Night intrigues that paved way for hiring of 50 CASs

Friday, March 24th, 2023 05:00 | By
President William Ruto poses for a photo with 50 newly appointed CASs at State House on March 23, 2023. PHOTO/@WilliamRuto)Twitter

President William Ruto on Wednesday night moved with lightening speed to controversially appoint 50 Chief Administrative Secretaries (CAS), paving the way for their swearing-in at dawn yesterday.

The President’s night maneuvers were meant to shield the controversial hirings from being halted by the court.

Acting on intelligence that Justice Hedwig Ong’undi was likely to issue an order stopping the vetting of the CAS by 11am, thus essentially delaying the process further, State House put in motion a series of secretive events that eventually paved the way for the names of the nominees to be gazetted on Wednesday night.

Before sun-up yesterday, the 50 CASs were at State House, Nairobi, ready for their swearing-in, after which the President embarked on a three-day whirlwind tour of Migori, Kisii and Nyamira counties, where he is seeking to chip away at his rival’s Raila Odinga’s influence.

Returned the list

Indications of the unfolding drama surrounding the appointment and swearing-in of the CASs started to emerge late on Wednesday night when State House Spokesperson Hussein Mohamed issued a statement on social media platforms indicating that National Assembly Speaker Moses Wetang’ula had turned down President Ruto’s request for the House to vet the nominees.

According to Mohamed’s statement, Wetang’ula had returned the list to State House on grounds that there was no legal provision requiring Parliament to vet CAS nominees.

  “As a consequence of referral by the Speaker of the National Assembly, which has found that there is no constitutional or statutory basis upon which the August House can vet the nominees, the Head of State and Government caused the appointment of nominees to various Ministries as earlier notified,” Mohamed said.

According to him, the Speaker’s memorandum noted that the obligation to respect, uphold and defend the Constitution enjoins the House to refrain from assuming and discharging roles that have not been expressly assigned to it either by the Constitution or any written law.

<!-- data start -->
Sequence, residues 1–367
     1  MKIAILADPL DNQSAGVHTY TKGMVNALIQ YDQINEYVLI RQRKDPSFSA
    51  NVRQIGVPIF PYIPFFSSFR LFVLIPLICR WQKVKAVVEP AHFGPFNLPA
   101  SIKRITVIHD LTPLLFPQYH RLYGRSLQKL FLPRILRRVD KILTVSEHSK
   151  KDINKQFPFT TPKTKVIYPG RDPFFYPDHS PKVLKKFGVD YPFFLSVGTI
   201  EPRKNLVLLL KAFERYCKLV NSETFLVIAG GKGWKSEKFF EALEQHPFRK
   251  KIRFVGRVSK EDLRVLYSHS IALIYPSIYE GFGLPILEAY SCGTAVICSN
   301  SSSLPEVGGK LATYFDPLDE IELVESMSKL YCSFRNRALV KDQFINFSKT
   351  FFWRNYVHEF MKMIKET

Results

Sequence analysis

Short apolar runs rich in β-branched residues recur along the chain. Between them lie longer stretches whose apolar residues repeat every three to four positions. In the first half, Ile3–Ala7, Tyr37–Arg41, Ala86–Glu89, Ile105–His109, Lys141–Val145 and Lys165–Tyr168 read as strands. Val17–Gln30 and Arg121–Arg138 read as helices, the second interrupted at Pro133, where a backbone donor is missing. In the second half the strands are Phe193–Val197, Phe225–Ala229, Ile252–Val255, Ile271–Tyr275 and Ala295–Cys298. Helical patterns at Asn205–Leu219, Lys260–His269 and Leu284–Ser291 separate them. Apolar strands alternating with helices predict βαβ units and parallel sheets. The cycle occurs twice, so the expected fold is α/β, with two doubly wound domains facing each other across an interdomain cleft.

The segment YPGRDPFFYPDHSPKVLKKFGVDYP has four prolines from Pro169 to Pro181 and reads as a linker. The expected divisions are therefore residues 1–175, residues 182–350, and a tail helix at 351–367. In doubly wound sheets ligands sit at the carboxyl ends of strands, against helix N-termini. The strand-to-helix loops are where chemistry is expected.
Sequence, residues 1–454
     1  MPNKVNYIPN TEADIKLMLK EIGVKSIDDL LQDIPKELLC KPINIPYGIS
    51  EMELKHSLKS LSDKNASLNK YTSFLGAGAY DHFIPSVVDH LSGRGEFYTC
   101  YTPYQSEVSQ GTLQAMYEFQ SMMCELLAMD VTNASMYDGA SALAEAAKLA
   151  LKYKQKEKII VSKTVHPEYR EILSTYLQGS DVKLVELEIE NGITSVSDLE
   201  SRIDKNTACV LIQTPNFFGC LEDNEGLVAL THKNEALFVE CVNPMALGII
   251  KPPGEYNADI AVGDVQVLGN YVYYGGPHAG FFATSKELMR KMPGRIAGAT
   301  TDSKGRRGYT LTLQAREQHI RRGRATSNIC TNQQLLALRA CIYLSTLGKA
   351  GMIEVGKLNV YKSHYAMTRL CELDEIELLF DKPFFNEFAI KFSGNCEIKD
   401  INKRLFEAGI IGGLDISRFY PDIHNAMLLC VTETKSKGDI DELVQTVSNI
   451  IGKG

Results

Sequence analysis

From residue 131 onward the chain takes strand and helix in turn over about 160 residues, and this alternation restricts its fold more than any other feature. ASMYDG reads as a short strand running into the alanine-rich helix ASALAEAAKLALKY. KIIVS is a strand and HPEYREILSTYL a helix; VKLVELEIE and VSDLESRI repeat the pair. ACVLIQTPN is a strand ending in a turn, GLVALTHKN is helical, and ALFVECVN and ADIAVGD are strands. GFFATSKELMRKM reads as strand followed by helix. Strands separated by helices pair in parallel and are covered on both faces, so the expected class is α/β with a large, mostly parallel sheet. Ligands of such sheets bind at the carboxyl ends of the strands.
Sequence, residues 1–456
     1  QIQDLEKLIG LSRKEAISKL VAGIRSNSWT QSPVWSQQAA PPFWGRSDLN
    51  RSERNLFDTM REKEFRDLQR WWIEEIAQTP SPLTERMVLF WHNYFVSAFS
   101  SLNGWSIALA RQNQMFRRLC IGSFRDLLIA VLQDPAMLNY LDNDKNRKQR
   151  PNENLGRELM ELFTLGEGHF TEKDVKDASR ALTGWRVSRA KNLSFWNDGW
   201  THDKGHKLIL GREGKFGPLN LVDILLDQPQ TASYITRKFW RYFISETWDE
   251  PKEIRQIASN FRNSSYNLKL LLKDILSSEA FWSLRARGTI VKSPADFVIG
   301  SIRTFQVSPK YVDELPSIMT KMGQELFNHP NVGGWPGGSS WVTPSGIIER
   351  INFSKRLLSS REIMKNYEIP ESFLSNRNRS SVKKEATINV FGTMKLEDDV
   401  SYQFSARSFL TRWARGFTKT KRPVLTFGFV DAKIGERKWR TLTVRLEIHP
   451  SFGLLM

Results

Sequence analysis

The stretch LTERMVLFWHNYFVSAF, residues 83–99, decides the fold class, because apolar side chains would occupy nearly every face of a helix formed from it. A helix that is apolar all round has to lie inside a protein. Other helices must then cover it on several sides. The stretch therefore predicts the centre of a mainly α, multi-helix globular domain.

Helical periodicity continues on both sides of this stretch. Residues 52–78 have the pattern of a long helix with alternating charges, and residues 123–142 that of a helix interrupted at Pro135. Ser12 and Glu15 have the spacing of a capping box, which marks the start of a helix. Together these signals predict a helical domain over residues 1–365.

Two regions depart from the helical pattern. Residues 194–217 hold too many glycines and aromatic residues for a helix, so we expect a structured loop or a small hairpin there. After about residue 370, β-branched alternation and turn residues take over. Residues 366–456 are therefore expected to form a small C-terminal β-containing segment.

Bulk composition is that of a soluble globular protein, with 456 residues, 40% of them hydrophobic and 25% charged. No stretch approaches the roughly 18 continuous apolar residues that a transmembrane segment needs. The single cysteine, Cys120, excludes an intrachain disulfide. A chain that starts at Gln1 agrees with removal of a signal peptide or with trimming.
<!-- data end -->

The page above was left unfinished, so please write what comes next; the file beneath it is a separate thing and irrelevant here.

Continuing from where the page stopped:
It was telling that details of the letter from the Speaker emanated from State House rather than from Parliament. Within minutes of Wetang’ula’s decision being made public, the Government Printer published a special Kenya Gazette notice, through which the President formalised the appointment of nominees. Copies of the notice started circulating on Whatsapp groups way past midnight.

And in what was clearly a rush against time, invites were sent to the 50 nominees, asking them to be seated at the Nairobi State House by 5.30 am in readiness for the swearing-in ceremony. The ceremony was presided over by the Chief Justice Martha Koome.

By the time Justice Ong’undi of Constitutional and Human Rights Division was sitting at Milimani law courts at 11am to make a ruling on a petition filed by a Kenyan citizen residing in the United Kingdom, the swearing-in ceremony was long over. “From what transpired on Wednesday evening and this morning (Thursday), it is clear that the notice of motion by the petitioner is overtaken by events,” Justice Ong’undi ruled as he turned down Eliud Karanja Matindi’s plea to stop the swearing in.

Matindi had wanted to quash President Ruto’s decision to create an additional 27 Chief Administrative Secretary (CAS) positions, up from the 23 that PSC had recommended.

“Nominating 50 persons for appointment to the office of CAS, when only 23 vacancies were proposed by the PSC to be advertised and recruited, is untenable by all accounts,” Matindi had said in his petition, which could not be prosecuted after the fact.

“The PSC had proposed, and the President accepted, creation of 23 positions of the office of CAS. The recruitment process carried out by the PSC to recruit persons to the newly-created office was on the basis of there being 23 vacant positions,” Matindi had said in his court papers. He further accused PSC of failure to discharge its constitutional mandate, including its duties under Articles 10, 232, 234 and 249 of the Constitution, by facilitating and superintending over the creation of the additional 27 positions.

Sources told People Daily that the President did not want the recruitment, which has been pending since October, delayed again and had to move with speed to avoid being held back by a court ruling.